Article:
Toccata festiva, op. 36

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        If any composer may truly be considered our national composer, this writer’s vote is for Samuel Barber. Notwithstanding Aaron Copland’s populist music from the 1930s and 40s, most of the latter composer’s compositions in other musical styles are not well received by the American public--too dissonant and modern! On the other hand, no major American composer of the twentieth century was a more ardent and eloquent champion of the lyrical, accessible, yet modern idiom than Samuel Barber. His musical style is founded in the romantic traditions of the nineteenth century, and built upon and extended the harmonic language and formal structures of that time. Unlike so many of his peers, he was not powerfully swayed by the modernism emanating from Europe after World War I, but pursued his own path.

        Consistently lyrical throughout his career, it is telling that his songs constitute about two-thirds of his compositions in number. His vocal works include two major operas, Vanessa (1956), and Antony and Cleopatra (1966), the latter composed for the opening of the Metropolitan Opera House. He composed at least one work for almost every musical genre, and unlike most composers, he was a recognized and published composer from his student days. At the age of twenty-one his overture to The School for Scandal was an instant success, was forthwith published, and remains in the standard repertoire. Though his choral music and solo vocal music are mainstays of concerts, it is an instrumental work that is his best-known composition--the Adagio for Strings, championed by Toscanini when Barber was only twenty-eight years old. The vocally-inspired lyricism of that work is emblematic of all that Barber wrote, even in the most vigorous of works. The Toccata festiva for organ and orchestra, written in 1960, is a most fitting  celebration of the orchestral organ! And, to be sure, it’s another opportunity to hear more from one who gets my vote for our most distinguished composer.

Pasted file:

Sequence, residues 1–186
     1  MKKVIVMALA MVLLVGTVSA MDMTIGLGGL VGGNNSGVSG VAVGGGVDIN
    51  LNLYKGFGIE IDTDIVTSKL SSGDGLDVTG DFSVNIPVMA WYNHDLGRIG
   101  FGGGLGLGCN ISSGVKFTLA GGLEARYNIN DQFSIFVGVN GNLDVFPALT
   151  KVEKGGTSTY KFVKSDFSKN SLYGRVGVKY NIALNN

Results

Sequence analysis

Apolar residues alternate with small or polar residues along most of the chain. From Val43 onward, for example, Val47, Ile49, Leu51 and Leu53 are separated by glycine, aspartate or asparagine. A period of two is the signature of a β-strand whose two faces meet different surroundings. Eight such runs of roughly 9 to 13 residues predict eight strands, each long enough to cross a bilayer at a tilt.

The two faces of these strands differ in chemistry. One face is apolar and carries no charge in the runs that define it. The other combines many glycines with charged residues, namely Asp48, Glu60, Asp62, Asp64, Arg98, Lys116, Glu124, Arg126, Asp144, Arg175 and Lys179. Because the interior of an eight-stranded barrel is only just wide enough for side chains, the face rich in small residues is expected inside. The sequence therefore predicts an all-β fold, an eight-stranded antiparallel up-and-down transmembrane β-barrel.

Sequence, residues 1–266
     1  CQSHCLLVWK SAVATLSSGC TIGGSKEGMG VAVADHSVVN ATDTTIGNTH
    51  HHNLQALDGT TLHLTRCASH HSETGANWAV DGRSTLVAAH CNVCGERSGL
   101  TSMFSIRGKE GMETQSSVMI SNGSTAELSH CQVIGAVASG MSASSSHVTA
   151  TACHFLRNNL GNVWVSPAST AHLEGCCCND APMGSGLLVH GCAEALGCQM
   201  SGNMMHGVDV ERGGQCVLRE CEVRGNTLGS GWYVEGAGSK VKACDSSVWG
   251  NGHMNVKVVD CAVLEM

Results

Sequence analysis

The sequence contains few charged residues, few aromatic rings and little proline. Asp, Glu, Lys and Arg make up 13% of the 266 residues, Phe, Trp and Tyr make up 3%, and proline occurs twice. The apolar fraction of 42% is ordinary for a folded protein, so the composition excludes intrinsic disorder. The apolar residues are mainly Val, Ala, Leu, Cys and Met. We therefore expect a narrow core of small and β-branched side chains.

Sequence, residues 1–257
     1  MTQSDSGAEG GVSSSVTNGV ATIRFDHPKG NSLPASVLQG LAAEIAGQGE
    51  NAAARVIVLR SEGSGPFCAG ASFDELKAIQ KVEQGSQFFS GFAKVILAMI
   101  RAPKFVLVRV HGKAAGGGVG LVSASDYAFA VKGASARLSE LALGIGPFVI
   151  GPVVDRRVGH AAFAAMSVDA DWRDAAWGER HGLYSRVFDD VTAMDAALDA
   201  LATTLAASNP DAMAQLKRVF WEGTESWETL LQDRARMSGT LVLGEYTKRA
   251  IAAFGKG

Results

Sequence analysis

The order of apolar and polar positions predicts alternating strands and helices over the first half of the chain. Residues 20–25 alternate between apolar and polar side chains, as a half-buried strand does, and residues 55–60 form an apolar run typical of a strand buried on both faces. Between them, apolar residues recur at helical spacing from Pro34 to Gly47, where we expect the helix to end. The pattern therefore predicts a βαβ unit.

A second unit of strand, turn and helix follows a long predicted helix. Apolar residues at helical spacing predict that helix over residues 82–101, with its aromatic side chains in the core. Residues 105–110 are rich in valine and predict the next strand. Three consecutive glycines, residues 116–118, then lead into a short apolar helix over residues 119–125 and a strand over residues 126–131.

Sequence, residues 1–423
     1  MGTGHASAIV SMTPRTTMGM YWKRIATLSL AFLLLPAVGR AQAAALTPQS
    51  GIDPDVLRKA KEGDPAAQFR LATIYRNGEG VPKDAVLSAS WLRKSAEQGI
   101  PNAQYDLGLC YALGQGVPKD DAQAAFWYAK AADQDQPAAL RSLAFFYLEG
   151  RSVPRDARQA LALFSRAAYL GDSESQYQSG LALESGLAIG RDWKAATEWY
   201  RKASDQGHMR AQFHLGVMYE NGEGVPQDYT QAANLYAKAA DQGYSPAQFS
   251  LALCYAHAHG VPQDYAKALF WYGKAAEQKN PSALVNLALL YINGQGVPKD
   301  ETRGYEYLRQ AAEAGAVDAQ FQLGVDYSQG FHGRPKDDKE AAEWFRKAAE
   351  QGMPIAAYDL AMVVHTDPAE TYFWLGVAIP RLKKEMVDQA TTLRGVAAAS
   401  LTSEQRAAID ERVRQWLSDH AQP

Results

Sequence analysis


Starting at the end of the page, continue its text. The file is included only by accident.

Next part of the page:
--Wm. E. Runyan

© 2015 William E. Runyan